Having an accurate and aesthetically pleasing CV is the first step to getting a job on a yacht. But are you making any of these top 4 mistakes?

1. Bad or Unprofessional Photo

Your CV photo can make or break a captain’s first impression of you. It should be at the top of your CV and should reflect that you are capable of working in a luxury and professional industry such as yachting. Your photo should have good lighting–not too cloudy, not too sunny. Your face should be relaxed, with a welcoming smile. The best backdrop for the photo would be in a water-related area, like a marina. Make sure you are dressed like you would be on board, with a clean cut polo. If you’re a guy, make sure you’re clean-shaven, neat haircut, and no sunglasses! Ladies, stick to light, natural makeup, and have your hair pulled back. SMILE — it’s not a mug shot!

TIP: Check out some examples of what makes a great CV photo. IMPORTANT: Selfies are a NO NO!

2. Poor Template

Crew Compass makes it easy for you with our CV template. This template has the top priorities listed first, as this is what the captain will see first. The design of your CV is important. If it’s cluttered, it’s going to get put to the side. You want to make it clear and easy for the captain or hiring manager to understand.

3. Content Amount

Keep it simple, don’t try to oversell yourself. Don’t put a lengthy paragraph at the beginning with generic statements like “I’m a hard worker” a “team player” with “a good attitude.” Anybody can and will say this, even if it’s not true. Let your references speak for themselves. Highlight information that is relevant to yachting. For your land-based experience, only include what is relevant to working on a yacht (i.e. hospitality, fine dining, bartending experience if you’re applying to be a yacht stewardess).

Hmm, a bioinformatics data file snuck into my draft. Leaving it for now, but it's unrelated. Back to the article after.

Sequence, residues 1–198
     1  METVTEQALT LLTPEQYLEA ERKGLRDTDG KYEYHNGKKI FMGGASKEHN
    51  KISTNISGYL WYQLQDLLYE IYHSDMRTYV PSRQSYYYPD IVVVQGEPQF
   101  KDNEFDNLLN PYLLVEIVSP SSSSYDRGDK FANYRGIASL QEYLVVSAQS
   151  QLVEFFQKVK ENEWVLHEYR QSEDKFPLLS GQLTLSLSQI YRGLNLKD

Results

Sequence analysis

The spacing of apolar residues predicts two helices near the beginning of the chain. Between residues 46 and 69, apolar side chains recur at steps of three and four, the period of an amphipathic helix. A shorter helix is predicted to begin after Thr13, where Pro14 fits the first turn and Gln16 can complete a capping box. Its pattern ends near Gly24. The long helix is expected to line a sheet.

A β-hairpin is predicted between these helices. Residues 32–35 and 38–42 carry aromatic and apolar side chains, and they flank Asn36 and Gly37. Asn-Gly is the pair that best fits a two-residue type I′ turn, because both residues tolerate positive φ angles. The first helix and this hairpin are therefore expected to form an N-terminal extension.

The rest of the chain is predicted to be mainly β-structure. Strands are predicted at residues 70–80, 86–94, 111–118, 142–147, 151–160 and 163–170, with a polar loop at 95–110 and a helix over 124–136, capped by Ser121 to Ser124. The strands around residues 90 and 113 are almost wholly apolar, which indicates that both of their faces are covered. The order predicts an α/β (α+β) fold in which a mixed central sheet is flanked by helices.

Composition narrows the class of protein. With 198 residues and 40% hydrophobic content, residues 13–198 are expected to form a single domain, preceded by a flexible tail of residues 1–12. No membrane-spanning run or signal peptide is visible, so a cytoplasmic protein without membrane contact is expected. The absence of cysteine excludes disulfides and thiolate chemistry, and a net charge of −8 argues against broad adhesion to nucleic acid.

On the other hand, don’t skimp on important experience or special skills you have.  If you’ve had good experience tender driving, even if it’s just a family boat, include that. If you’re a massage therapist who also happens to have a rescue diver license and studied marine biology? Those are worth mentioning!

Finally, don’t leave anything out of your basic information like nationality, smoking habits, or if you have any visible tattoos. It’s best to be honest, because captains will find out soon enough.

4. Not Proofreading

This is all about your attention to detail. A CV filled with spelling errors may come across as unprofessional, lazy and careless — and the captain won’t feel confident that you’ll be detailed in your job! Check your spelling along with your grammar. Have your housemates, friends, and mentors read it over. Even if they’re not yachties, they can still check your CV for errors. At the end of the day, your CV represents who you are, make sure it’s the best version of you!

TIP: Use the free tool, Grammarly, to proofread everything from your CV to your emails.

Any of your own CV tips? Tell us below!

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